In these financially troubled times many owners are confronted with the dire choice of saving their businesses or their personal assets. Saving a business can include a reorganization. Your business can reorganize with a bankruptcy (Chapter 11) or a creditor workout. In deciding how to reorganize your business, you should consider the differences between a Chapter 11 bankruptcy and a creditor workout, including:

  • Timing. A workout can be faster as a bankruptcy has many notice and timing requirements.
  • Scope. While a bankruptcy involves all creditors, a workout need only involve those parties necessary to reorganize your business.
  • Cost. Workout costs are more easily controlled and usually are less than a bankruptcy.
  • Flexibility. A workout may give you more flexibility as a bankruptcy has rules and requirements that must be followed.
  • Notoriety. All bankruptcy filings are in the public record and require public disclosures and specific notices, while a creditor workout can be more discrete and confidential.
  • Disruption. Business operations can be more easily controlled and managed in a workout with less creditor notice and scrutiny.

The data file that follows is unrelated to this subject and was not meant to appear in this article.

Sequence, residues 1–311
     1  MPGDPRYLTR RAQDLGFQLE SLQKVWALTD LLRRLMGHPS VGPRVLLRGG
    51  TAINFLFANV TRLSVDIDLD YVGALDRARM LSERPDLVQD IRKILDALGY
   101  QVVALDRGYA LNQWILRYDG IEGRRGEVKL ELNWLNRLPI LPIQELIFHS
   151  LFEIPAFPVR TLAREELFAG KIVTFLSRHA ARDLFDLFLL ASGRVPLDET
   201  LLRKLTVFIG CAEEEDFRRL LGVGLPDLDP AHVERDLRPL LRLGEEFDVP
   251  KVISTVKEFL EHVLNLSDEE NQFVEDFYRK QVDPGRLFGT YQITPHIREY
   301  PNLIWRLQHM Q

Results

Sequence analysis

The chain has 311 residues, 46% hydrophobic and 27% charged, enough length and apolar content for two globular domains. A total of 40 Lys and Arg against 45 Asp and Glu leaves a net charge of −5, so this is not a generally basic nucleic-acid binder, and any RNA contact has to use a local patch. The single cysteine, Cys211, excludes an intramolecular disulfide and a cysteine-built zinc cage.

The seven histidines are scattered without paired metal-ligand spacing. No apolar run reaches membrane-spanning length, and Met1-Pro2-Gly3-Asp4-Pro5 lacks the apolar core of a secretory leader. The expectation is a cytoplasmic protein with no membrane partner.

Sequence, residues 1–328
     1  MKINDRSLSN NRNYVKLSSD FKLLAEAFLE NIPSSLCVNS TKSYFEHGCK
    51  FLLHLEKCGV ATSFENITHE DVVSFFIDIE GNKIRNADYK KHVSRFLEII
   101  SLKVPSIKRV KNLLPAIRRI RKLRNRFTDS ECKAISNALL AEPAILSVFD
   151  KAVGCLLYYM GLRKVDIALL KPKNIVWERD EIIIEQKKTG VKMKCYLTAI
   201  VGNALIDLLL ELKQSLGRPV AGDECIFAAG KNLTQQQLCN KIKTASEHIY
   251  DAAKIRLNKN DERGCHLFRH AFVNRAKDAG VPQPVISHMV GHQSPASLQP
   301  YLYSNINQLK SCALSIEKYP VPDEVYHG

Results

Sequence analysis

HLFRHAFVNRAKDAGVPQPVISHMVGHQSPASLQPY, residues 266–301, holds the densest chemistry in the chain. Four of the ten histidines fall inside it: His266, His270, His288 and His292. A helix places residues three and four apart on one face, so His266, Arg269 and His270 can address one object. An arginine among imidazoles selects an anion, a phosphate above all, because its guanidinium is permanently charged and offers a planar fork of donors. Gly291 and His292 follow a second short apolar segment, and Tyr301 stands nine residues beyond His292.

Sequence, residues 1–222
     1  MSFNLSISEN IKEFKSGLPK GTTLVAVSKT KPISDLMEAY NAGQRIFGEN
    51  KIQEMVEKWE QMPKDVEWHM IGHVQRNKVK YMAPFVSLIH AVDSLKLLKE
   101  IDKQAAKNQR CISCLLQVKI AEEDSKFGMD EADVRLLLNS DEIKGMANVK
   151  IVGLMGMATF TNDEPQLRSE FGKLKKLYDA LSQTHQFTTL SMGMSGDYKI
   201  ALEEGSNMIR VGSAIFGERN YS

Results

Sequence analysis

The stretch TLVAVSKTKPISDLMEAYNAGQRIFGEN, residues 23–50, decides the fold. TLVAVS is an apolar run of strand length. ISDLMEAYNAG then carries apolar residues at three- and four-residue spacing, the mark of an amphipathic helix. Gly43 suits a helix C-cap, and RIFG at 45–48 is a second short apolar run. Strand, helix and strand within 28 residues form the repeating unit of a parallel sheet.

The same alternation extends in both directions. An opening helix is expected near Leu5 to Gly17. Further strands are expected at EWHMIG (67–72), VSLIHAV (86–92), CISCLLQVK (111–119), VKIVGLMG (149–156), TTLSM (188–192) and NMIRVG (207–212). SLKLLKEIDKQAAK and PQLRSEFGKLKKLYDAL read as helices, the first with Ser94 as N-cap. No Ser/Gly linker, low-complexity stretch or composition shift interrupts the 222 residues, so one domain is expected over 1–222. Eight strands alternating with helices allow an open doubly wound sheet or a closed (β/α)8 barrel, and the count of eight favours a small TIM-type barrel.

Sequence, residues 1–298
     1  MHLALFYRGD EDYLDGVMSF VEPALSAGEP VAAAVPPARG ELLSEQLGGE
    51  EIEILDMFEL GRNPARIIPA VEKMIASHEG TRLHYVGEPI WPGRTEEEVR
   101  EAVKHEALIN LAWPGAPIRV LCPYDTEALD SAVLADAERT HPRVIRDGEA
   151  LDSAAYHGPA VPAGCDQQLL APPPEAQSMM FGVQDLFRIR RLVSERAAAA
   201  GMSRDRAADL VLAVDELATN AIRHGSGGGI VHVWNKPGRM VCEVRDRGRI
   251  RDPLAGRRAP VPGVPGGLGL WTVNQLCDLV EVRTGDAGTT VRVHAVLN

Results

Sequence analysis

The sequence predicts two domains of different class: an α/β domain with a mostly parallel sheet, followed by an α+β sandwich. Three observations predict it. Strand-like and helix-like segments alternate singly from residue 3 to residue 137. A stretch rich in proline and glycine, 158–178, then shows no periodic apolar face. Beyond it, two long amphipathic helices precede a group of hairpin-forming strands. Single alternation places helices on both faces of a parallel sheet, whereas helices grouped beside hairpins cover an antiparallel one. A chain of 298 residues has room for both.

• Lawsuits. Unlike a bankruptcy, a workout will not stop lawsuits or judgment enforcement actions unless the creditor agrees to a stay.
  • Enforcement. A bankruptcy can stop, cramdown and otherwise bind creditors, while a workout requires the individual creditors involved to agree.
  • Ownership. A workout is more apt to result in your retaining ownership than a bankruptcy that often provides the reduction or exchange of debt for equity.
  • Flexibility.  A failed creditor workout can revert to a bankruptcy.

Once you decide to reorganize your business, you need to evaluate how to best do so. The attorneys at Brooks, Tarulis & Tibble, LLC can help you in making and fulfilling your decision to reorganize your business. Please contact us with any questions or issues.

info@NapervilleLaw.com

This Brief is designed to provide our friends and clients with information regarding the various subject matters covered, it is not designed to take place of legal, accounting or other professional advice. If expert assistance is required, the services of a competent professional should be sought. This memorandum may constitute advertising under the rules regulating Illinois attorneys.

The post Business Reorganization appeared first on Naperville Law.